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August 29, 2006

Christie Davies admires the work of Julie Foreman, a rising American photographer whose photographs are being exhibited in Tuscany - Julie Foreman's photographs at Monteriggioni Castello, Tuscany

Posted by Christie Davies

Strove - Chicago Andata e Ritorno di Julie Foreman
Monteriggioni Castello
Via 1 Maggio, 10
Monteriggioni, Siena, Tuscany
2nd September - 12th September 2006
Daily 10am - 1.30pm and 4pm - 8pm
www.julieforemanphotography.com

Julie Foreman is a well-known Chicago "street photographer" whose work is again being exhibited in Tuscany. We have this year another selection of the many black and white photographs of the streets and people of Europe that she has taken on her visits to Europe - particularly Italy but also Austria, France, Switzerland and Turkey. She is a paparazza of the ordinary. She captures folk like you and me going about our everyday business, revealing our characters, avocations and troubles in our faces, postures and movements. We can not hide from the discreet fade-into-the-background camera-woman of the Chicago Intelligence Agency, the seeker from Skokie. It is the kind of photography we all do from time to time but Julie Foreman is better at it than the rest of us. It is the opposite of the posed smiling shots favoured by Japanese tourists.

How unself-conscious many of her subjects are, as in Turkish Women Smoking. They sit barefooted but with heads carefully covered, and well hand-bagged beneath the Mediterranean trees in Sultanachmet Square in Istanbul, intently sucking and puffing the smoke of the evil tobacco plant. How solid they are like the tree, how delicate is the light on the ground in the distance that has sneaked through and beneath the branches.

How oblivious too are her Men on the Wall in Siena caught in conversation, ignorant of their impending film or digital immortality. It is a wonderful photograph that drives one's curiosity. What is the animated, seated man saying? What is the solemn, unlistening, standing man thinking? The success of this photograph, like much of Julie Foreman's work, lies in the care with which she has selected depth and pattern. Behind the men are great panelled studded doors and walls of brick in need of pointing. Also she has extended the shot to the left to take in the corner to the side with its steps leading down and away and its iron railed balcony jutting into nowhere. The men are held by the wall and doors immediately behind them but they are also gently located in a much bigger space.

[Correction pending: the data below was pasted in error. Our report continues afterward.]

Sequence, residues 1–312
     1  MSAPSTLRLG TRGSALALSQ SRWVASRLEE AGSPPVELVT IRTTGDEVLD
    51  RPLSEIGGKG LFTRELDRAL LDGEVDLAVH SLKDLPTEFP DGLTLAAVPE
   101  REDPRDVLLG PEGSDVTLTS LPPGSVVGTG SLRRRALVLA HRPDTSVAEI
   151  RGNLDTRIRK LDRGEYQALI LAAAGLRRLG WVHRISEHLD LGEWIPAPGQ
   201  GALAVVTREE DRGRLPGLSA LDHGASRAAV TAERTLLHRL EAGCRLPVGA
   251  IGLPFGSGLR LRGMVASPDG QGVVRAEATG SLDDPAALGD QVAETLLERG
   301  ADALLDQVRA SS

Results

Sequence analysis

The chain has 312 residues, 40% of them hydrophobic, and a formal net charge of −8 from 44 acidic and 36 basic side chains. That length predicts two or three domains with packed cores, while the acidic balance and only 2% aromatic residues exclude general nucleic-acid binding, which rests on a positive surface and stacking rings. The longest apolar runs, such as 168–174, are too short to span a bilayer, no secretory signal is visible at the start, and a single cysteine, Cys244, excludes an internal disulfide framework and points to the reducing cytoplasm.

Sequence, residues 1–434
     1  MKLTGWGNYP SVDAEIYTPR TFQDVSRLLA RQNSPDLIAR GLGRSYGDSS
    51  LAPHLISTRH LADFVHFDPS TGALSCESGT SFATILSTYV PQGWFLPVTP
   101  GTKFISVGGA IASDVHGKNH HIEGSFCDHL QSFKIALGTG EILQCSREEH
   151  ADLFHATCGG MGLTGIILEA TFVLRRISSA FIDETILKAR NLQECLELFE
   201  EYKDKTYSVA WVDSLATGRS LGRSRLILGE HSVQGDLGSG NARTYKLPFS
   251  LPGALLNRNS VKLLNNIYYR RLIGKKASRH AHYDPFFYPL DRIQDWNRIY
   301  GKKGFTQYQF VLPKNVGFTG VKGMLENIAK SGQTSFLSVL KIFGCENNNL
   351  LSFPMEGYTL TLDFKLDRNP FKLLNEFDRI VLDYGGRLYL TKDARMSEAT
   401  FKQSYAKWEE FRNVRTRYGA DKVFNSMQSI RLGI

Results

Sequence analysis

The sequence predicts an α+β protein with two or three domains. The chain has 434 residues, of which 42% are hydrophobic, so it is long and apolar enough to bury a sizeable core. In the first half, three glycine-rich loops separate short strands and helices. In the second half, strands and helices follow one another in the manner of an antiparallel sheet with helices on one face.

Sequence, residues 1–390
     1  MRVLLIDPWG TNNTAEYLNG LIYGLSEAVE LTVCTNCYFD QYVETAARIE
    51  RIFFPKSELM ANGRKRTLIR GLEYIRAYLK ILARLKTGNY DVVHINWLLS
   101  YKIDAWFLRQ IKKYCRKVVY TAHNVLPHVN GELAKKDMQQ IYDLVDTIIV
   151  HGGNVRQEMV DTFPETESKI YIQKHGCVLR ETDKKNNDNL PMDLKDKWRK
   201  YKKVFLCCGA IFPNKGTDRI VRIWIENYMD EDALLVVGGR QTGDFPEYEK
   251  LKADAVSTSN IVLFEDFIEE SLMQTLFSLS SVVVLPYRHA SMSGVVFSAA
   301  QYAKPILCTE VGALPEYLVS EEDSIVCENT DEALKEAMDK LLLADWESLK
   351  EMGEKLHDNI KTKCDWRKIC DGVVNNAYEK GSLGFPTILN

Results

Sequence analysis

The same feel for depth characterises Italian Family taken in Lugano in Switzerland. The members of the family dominate the photograph but behind them is the long perspective of a street that recedes to infinity, with its parallel sides getting closer and closer together in defiance of Euclid. It is full of walkers coming towards and away from the family, whose anonymity contrasts with the intimate portrait of the mother and her three children in the foreground. It looks easy but it took a lot of skill - skill in selection, in choice of angle and focus, in knowledge of balance and perspective - the skills of the painter and the photographer.

The same sense of balance and perspective is to be seen in Foreman's landscapes such as Cypress Tree. Here the tree points up and the path across and away, both framing a squat and untidy little hatch-up hatchback.

Men walking in Florence is really also a landscape photograph. The men are there just to provide two solid black vertical lines between the heavy regular wall of a palace and the irregular polygons that crazily pave the path between the crowded parked cars. It is not a human interest story but an almost abstract pattern in black and white, regular and irregular but held tight between the walls of the city. The black haired, black suited Italians could just as well have been trees.

A similar use of space characterizes Woman Artist who is set against an immense white gravelled square with plinths. Here she is coiled up dark in the centre, a finger on the sketch she is making of the scene that surrounds her but emphasizing the distant trees in a way that the photograph does not, a picture of the scene within and at odds with the photograph of the scene.

It is surprising how much even a photograph taken from behind a person can indicate as in Padre, an old priest black of hat, shoes and soutane as he squeezes past a parked scooter in the Via del Corso in Rome, the proudly humble plainness of his clothes contrasted with the shiny mechanical detail of the scooter's engine and its high plastic windscreen. An amateur would have tried to get rid of the scooter but Julie Foreman knew it had to be there to bring out the man. It is a study in Christian piety, the frivolous, evanescent, scooter for whizzing heedlessly around the streets setting off the solid sense of semper eadem given by the padre's back. The photographer must have a deep sense of the nature of Christian religiosity to bring out such feelings.

We may contrast it with French Woman, a skirt hugged bottom of pure sexuality, attached to a woman striding down the colonnaded Rue de Rivoli in Paris. There is nothing revealing or immodest about the way she is dressed but you can imagine eager Frenchmen lurking beneath and watching from behind those pillars.

What Julie Foreman has been able to do in her photographs is to give variety and vitality to the everyday. We walk through such streets all the time but we never notice them, nor the men and women who people them. It is the task and inspiration of the street photographer to make us see and marvel at the otherwise unseen and in this she has succeeded.

Christie Davies has often walked through these same streets and wondered at the people.


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